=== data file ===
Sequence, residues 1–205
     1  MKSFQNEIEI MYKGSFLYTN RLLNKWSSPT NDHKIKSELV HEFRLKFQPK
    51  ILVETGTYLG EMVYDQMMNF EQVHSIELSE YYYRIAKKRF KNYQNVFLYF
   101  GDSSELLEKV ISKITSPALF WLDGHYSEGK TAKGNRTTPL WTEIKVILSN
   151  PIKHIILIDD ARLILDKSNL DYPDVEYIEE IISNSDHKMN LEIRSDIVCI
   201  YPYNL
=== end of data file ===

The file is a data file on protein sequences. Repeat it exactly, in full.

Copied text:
Sequence, residues 1–205
     1  MKSFQNEIEI MYKGSFLYTN RLLNKWSSPT NDHKIKSELV HEFRLKFQPK
    51  ILVETGTYLG EMVYDQMMNF EQVHSIELSE YYYRIAKKRF KNYQNVFLYF
   101  GDSSELLEKV ISKITSPALF WLDGHYSEGK TAKGNRTTPL WTEIKVILSN
   151  PIKHIILIDD ARLILDKSNL DYPDVEYIEE IISNSDHKMN LEIRSDIVCI
   201  YPYNL